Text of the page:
Gift Mambipiri

Mambipiri, Gift.jpg

Summary: In Zimbabwe, where the government controls the airwaves, Gift Mambipiri challenges the status quo by putting radio stations on the air and by organizing campaigns for more access to information. His events have been raided by police and cancelled, workers have been arrested, and equipment has been confiscated. Still, he continues to advocate for people in all areas of the country to get information from sources other than the government.

Profile: Some things we in the U.S. take for granted. For example, we assume that when we turn on our radio, we’ll have a number of stations to choose from—stations featuring music, or news, or commentary, or talk, or sports events. But not every country offers those options. Take Zimbabwe, for example: In Zimbabwe, the government controls the airwaves; if private individuals or organizations wish to operate a station, the government decides whether or not to allow them to do so.

Many people in Zimbabwe think this is unfair, and at least one person has determined to do something about it. Gift Mambipiri is a “Development Communications Expert”. He studied both media and civic leadership at Oregon’s Portland State University, and he has put that learning to work in his home country.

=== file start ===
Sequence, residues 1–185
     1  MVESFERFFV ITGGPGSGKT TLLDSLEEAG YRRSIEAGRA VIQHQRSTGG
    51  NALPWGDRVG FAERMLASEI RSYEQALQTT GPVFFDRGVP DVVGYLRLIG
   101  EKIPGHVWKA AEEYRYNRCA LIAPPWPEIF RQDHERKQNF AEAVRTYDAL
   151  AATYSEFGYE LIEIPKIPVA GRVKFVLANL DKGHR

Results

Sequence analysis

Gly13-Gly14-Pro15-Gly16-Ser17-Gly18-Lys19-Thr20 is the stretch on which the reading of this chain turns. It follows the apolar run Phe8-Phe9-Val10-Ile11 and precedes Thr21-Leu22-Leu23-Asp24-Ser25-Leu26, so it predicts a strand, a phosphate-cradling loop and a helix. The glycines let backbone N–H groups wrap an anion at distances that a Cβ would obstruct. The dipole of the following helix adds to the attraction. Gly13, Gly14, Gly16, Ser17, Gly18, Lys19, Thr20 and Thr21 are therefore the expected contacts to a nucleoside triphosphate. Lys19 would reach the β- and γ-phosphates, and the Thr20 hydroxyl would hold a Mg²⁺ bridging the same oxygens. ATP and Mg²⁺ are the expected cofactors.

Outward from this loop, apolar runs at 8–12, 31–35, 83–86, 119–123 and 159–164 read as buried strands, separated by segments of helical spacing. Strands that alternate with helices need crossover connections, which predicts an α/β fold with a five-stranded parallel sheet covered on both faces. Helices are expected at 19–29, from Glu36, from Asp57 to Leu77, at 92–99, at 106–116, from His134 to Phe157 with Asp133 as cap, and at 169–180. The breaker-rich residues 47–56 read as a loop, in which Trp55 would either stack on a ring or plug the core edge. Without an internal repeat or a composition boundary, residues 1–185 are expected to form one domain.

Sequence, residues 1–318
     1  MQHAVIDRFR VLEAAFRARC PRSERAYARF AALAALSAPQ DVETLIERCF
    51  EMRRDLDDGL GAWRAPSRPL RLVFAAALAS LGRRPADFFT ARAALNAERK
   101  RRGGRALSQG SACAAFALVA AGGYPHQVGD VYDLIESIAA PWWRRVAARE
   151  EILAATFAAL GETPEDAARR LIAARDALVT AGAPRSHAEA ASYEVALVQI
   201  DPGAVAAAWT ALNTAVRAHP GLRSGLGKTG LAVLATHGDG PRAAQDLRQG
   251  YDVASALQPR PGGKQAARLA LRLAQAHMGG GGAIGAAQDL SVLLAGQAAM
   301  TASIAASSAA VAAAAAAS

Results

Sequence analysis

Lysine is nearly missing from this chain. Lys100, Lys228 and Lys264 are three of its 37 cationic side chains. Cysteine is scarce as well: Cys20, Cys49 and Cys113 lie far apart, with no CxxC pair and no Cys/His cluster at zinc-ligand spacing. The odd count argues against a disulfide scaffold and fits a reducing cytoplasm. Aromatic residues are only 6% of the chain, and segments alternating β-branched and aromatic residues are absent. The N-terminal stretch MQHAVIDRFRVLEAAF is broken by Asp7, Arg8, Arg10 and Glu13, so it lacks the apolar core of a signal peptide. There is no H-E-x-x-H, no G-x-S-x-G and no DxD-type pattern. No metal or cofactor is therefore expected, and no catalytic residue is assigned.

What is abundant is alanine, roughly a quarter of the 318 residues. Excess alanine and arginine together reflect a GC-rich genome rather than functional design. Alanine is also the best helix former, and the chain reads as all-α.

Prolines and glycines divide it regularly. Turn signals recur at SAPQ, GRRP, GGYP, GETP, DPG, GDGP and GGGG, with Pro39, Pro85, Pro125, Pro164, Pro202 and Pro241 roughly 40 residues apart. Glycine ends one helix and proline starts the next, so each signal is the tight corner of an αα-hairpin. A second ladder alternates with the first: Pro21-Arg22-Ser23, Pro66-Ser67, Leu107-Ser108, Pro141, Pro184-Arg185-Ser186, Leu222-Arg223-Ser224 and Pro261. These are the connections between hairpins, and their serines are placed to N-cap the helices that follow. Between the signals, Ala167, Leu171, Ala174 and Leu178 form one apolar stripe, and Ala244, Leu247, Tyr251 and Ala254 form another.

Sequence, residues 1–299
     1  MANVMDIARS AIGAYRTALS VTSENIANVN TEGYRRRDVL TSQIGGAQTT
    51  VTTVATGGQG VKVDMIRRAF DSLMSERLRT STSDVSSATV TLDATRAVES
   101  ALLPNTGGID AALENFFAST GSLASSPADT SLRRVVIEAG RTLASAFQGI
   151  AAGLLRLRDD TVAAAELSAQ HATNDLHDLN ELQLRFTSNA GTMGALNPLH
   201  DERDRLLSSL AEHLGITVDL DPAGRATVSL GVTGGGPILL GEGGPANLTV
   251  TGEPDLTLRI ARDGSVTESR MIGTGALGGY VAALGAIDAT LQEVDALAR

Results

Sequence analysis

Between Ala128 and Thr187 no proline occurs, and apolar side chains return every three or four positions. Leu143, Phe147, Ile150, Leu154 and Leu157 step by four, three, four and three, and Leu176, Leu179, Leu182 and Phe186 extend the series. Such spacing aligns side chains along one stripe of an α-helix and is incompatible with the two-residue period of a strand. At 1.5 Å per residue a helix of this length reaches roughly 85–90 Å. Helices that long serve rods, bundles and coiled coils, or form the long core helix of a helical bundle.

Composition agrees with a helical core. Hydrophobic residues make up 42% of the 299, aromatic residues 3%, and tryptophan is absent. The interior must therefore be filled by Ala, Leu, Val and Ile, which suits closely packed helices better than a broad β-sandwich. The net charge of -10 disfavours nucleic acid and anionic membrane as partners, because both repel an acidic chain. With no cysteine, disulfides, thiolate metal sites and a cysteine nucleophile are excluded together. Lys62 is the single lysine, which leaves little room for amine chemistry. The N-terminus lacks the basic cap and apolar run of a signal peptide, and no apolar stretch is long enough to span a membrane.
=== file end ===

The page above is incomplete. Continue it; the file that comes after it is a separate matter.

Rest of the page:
“In Zimbabwe,” says Mambipiri, “we have a problem of access to information, and this results in a lot of communities failing to access critical information . . . I have managed to set up a number of community radio stations in the country through ZACRAS, thus assisting communities that failed to access information.” ZACRAS is the Zimbabwe Association of Community Radio Stations, which Mambipiri runs. As a result of his efforts, remote areas in Zimbabwe—Plumtree, Gwanda, Hwange, and others—now receive information that was previously denied to them.

As you might expect, this doesn’t sit well with the powers-that-be. “I have challenges with authorities,” admits Mambipiri, “who view my works as anti-government, and some of our members have been arrested whilst carrying out duties in communities.” Indeed they have; in addition to that, Mambipiri has organized a “Free the Airwaves” campaign, but several of his “road shows” have been raided by police, who have confiscated equipment. Mambipiri has countered those actions by establishing Kwelaz Community radio, on which he advocates the return of that equipment.

Mambipiri is not fazed by the actions of the government or the threats of future action. His reasoning is simple: “I believe it is a democratic right for citizens to have access to information in their communities.”

That’s something else that many of us take for granted.